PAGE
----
I could get deeper into Supply-side/Demand-side economics, but if you understand Supply-side, you already get the gist of why I believe gas prices will drop dramatically.

One important thing to understand about economics is that all products have what is called “Elasticity.” The link will give you a better definition, but a short version is, how much a price can fluctuate before demand for that product changes. Some products, the slightest change in price will cause sales to drop off dramatically. Other products, such as gasoline, can sustain price increases while still not affecting sales. However, all products have a price point that if the price exceeds it, sales drop and drop fast.

Gasoline is clearly inelastic. We need it. We need it to go to work, transport goods, travel, etc. The price of gas can change and we will still buy it because it’s vital to our businesses. We can’t make money without it. We are willing to buy gasoline until it is no longer profitable for us to buy gasoline. One advantage that consumers do have over the price of gas is that gasoline evaporates. The evaporation of gasoline is already factored in to the price, but the longer gas  remains unsold, the more it evaporates and the more missed sales. If gas isn’t being sold, the price comes down to a price point that will sell. Evaporation isn’t a huge deal, but it is important for to these companies that they sale the gasoline before the shelf life expires. The longer it takes, the more they lose. In other words, they can’t just sit on gas and gouge consumers. If the supply of gasoline exceeds demand, price comes down to bring demand up.

Gas prices are gouging consumers, and like raising taxes too high, gas is taking too much out of the budgets of the middle class. It’s brutalizing them and they are going to have to cut back on their spending. Add to that food prices are skyrocketing and energy prices are increasing. The necessities in life are working much like a government taking too much money out of people’s pockets. The middle class have seen their disposable income disappear and are having to make cutbacks. They are going to cut some entertainment back. Cutting subscriptions to Netflix, Hulu, and especially cable TV is already happening. More importantly, people will cut back on going out to eat, eat more frugally, or cut it out completely. This means waitstaff will have less labor hours and less tips. Business will scale down which means… less employees spend less money on gas to go to work.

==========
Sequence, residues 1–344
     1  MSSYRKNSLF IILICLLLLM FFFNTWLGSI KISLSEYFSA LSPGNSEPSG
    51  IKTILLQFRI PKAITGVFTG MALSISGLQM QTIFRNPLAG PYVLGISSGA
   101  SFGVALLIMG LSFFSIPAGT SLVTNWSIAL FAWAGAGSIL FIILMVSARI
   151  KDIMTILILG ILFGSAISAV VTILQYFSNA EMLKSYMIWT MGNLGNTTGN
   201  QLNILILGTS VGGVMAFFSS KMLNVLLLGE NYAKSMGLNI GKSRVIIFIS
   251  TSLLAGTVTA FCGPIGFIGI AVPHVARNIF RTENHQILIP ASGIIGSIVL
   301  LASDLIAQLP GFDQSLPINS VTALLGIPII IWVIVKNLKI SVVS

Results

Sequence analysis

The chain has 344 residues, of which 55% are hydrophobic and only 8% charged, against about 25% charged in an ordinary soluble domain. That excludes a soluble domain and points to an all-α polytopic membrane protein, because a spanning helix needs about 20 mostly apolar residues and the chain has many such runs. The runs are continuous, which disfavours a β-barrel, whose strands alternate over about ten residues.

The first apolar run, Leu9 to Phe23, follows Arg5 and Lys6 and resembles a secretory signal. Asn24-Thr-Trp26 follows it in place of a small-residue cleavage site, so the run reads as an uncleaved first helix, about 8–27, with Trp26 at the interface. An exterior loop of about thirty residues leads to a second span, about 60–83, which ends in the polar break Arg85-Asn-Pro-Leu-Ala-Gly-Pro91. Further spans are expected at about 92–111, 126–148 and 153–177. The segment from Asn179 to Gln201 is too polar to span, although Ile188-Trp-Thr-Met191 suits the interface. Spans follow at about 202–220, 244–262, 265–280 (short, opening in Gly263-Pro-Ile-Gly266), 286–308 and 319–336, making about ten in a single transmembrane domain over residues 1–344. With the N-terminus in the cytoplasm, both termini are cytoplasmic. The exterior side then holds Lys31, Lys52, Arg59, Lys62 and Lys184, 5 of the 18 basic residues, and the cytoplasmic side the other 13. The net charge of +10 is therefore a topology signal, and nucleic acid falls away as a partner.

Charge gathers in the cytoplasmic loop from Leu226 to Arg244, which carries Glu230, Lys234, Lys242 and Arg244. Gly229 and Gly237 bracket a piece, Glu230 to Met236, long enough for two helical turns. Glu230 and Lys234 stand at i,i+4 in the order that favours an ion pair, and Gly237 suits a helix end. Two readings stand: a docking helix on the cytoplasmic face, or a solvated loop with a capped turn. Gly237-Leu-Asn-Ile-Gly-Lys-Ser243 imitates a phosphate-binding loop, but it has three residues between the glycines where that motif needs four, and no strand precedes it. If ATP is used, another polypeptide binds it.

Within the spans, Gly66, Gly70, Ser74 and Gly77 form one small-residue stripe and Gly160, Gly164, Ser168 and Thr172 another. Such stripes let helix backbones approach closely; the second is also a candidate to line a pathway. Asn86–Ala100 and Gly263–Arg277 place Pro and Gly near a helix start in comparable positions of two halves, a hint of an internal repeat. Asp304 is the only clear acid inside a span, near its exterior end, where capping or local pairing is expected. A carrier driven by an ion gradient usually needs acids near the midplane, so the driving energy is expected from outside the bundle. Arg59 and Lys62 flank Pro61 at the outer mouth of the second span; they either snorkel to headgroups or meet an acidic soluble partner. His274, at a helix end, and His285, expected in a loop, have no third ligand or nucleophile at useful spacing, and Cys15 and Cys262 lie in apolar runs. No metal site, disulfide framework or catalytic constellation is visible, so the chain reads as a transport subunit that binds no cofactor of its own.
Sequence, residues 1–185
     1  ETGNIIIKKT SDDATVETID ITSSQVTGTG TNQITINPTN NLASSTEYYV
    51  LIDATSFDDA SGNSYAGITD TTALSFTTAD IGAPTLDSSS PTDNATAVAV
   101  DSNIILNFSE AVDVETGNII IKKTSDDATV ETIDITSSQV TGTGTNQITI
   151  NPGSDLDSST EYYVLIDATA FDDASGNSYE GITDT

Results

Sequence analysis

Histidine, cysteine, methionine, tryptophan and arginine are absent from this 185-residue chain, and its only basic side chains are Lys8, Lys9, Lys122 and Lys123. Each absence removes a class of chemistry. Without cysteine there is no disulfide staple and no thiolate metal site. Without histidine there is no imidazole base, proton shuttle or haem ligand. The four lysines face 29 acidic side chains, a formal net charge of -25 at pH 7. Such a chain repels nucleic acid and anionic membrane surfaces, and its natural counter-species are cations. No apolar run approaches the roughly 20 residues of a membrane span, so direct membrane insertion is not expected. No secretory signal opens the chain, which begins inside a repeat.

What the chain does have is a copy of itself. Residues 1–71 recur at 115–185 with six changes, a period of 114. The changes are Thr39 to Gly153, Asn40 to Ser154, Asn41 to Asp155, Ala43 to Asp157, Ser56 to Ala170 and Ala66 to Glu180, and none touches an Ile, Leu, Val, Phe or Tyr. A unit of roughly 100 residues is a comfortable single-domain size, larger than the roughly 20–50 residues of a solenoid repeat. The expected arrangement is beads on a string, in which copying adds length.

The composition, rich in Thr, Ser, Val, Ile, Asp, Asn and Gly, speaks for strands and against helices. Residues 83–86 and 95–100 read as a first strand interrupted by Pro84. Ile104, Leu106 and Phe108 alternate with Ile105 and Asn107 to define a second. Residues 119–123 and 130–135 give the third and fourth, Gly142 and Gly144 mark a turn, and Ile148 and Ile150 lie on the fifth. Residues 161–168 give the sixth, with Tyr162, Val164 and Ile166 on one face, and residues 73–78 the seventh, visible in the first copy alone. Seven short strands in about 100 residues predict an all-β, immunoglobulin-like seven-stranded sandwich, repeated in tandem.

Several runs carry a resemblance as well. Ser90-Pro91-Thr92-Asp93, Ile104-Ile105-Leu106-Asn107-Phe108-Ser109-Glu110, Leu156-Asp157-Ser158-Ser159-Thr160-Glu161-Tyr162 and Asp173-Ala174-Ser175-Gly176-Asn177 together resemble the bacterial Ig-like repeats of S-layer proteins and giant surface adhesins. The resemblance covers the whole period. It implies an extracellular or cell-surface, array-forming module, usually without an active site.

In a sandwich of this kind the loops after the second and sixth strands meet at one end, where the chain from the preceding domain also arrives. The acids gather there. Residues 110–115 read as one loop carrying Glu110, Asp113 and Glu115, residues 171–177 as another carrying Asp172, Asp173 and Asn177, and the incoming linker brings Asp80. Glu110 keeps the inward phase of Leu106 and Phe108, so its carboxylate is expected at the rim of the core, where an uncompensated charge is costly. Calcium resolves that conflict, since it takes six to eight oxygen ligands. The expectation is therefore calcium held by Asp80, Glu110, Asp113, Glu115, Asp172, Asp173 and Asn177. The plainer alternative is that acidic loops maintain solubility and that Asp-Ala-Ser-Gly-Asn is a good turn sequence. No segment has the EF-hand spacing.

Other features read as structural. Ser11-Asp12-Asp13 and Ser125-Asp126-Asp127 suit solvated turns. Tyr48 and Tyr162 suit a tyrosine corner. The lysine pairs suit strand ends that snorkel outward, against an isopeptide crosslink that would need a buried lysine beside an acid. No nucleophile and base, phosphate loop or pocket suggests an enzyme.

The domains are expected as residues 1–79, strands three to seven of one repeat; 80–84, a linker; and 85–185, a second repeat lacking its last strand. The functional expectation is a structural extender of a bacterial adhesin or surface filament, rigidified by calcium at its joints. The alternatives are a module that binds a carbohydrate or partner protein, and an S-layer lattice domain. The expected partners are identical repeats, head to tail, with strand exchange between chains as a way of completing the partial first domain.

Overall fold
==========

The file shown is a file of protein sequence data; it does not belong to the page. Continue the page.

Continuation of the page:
While our entire economy doesn’t rely on waitstaff getting tips, they are still a part of our economy. It would be bad enough if it were just the restaurant industry, but it’s not. The middle class are having to make adjustments in their personal economies. The middle class is making decisions to conserve gas, to buy cheaper clothes, to eat more affordably. The middle class is doing what they need to do to make ends meet. Too much money coming out of the pockets of the middle class and you have a recipe for an economic disaster.

The Atlanta Fed is already predicting zero growth for the 2nd quarter, after a 1.5 percent contraction in GDP in the 1st quarter. That’s a recession. And it’s far from over.

While I believe we are at peak price point for gasoline, in fact, we may be past it and start seeing the sharp decline any day now.  While Pendejoe and the Democrats will be the first in line to take credit for the falling gas prices, this is not the miracle you hoped for. In fact, this is your warning sign. Watch your investments closely, the real economic trouble is right around the corner. Even if I am wrong about this happening now, the middle class is getting tapped out and it’s just a matter of time before the economy contracts.